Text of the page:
say [the compromises] have insulated many people from the benefits
of democratic change..." Most recent among Karzai's compromises
include the appointing of a powerful warlord with links to organized
crime as police chief of Kabul and 13 other commanders to senior
police posts. This was in response to the Kabul riots of late
May, sparked by a runaway American military vehicle killed 3 Afghans
and then the US troops killed four more civilians when they fired
into the angry crowd. In another instance, the Afghan government
is considering the reinstatement of the Taliban's feared religious
police, the Department for the Promotion of Virtue and the Prevention
Karzai's critiques of troops_Understanding
the source of the insurgency, Karzai has attempted to regain support
among his people with lukewarm criticisms of the foreign troop
operations, saying in June "It is not acceptable for us that
in all this fighting, Afghans are dying. In the last three to
four weeks, 500 to 600 Afghans were killed. [Even] if they are
Taliban, they are sons of this land." Karzai urged a "strategic
reassessment" of the fight against insurgents. An anonymous
"foreign military official" was quoted in the Washington
Post saying, "[I]f [Karzai] attacks us, we can't help him
project his vision. And if he goes down, we all go down with him."
The speaker declined to be identified, but its reference to a
foreign military "projecting" Karzai's "vision"
is similar to rhetoric used by US and NATO generals, who say that
their mission is "to extend the authority of the Afghan government."
Regardless, it was certainly not something the Bush administration
wanted advertised, since two days later, Secretary of State Condoleeza
Rice denied that such ideas were considered by her colleagues.
She was furious. She rejected the allegations that western officials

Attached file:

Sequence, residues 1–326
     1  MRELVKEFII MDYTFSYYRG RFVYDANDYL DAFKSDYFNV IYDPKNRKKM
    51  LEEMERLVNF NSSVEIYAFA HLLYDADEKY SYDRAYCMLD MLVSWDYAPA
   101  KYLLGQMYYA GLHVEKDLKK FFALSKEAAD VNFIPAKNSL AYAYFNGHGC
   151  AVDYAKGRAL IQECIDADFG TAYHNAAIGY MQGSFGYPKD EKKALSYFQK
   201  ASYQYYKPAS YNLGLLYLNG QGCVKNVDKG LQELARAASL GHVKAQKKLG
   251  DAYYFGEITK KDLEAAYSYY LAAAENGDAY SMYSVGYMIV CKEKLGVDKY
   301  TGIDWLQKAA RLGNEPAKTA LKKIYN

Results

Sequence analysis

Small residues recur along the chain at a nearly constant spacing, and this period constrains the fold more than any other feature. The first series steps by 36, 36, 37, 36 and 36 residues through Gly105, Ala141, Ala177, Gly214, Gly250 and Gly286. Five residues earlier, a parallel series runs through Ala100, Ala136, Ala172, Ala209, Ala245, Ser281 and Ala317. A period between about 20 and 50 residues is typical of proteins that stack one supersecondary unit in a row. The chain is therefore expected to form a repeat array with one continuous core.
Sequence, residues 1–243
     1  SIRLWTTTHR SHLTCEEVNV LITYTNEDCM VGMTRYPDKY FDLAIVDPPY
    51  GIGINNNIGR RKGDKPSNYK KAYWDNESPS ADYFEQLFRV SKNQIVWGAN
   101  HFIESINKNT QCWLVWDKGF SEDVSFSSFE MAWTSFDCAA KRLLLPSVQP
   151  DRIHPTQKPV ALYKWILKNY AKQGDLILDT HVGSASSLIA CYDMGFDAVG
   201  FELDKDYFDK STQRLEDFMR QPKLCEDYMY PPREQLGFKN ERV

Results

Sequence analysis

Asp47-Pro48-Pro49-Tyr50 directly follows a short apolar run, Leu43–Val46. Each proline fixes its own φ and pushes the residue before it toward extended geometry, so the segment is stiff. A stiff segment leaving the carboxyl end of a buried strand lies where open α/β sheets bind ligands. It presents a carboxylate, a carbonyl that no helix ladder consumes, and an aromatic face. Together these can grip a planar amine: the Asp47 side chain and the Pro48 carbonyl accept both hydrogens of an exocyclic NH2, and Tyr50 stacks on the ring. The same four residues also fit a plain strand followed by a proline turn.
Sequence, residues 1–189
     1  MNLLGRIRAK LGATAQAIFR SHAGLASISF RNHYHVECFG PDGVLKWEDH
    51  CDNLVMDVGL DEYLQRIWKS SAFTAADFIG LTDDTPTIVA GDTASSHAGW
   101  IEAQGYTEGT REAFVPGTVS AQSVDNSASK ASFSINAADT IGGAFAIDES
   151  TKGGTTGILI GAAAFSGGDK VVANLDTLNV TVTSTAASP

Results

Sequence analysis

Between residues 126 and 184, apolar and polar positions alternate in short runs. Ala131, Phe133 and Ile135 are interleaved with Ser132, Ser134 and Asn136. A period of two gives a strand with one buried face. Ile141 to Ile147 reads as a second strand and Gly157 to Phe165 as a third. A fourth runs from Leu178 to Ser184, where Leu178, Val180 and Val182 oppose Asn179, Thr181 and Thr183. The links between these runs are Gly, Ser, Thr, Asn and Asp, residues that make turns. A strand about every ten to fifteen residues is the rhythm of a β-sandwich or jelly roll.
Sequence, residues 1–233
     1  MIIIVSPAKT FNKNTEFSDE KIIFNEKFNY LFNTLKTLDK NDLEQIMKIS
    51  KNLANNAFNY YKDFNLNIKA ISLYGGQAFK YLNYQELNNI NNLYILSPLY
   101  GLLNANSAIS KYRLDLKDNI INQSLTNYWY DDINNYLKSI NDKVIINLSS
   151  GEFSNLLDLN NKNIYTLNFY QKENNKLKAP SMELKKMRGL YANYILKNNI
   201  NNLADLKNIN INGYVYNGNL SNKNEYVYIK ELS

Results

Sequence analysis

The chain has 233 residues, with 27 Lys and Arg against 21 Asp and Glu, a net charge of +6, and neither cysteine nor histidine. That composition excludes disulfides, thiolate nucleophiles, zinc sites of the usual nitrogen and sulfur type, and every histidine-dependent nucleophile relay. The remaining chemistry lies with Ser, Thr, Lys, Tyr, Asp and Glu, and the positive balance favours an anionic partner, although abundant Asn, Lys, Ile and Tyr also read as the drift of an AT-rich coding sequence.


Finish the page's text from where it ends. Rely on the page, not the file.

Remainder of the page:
were dissatisfied with Karzai, who she called an "extraordinary
leader," declaring emphatically that the US "is going
to back him and back him fully." This is certainly not going
to help Karzai with his people, who already see him as a puppet
of the Americans.
It has to be understood that Rice's claim
that Washington will "back [Karzai] fully" does not
imply that Karzai's recommendations will be taken seriously by
the Bush Administration. His critique of the military operation
is not something Rice can be expected to follow up on. Indeed,
NATO spokesman James Appathurai made it clear "if they need
to fight to extend the authority of the Afghan government, they
will do it. They have the right to do it and will do it."
I'd like to close by noting that Karzai's
plea to stop killing Afghans actually make sense from a tactical
perspective. According to the US Army's own "Counterinsurgency
Doctrine," the objective of counterinsurgency is to build
the legitimacy of the government which derives from "the
consent of the governed" whose willing support is required
for the government's smooth operation. The doctrine is full of
interesting sayings, which the current US/NATO military establishment
would find appalling. Like, "the more force used, the less
effective it is"; or "Sometimes doing nothing is the
best reaction"; or "The best weaponsdon't shoot".
In short, don't make more enemies through your actions. These
statements are a little too close for comfort to prescriptions
for actual democratic development for the likes of Bush, Harper
and Blair, who with the logic of a bully see more violence as
the only proper response to an insurgency.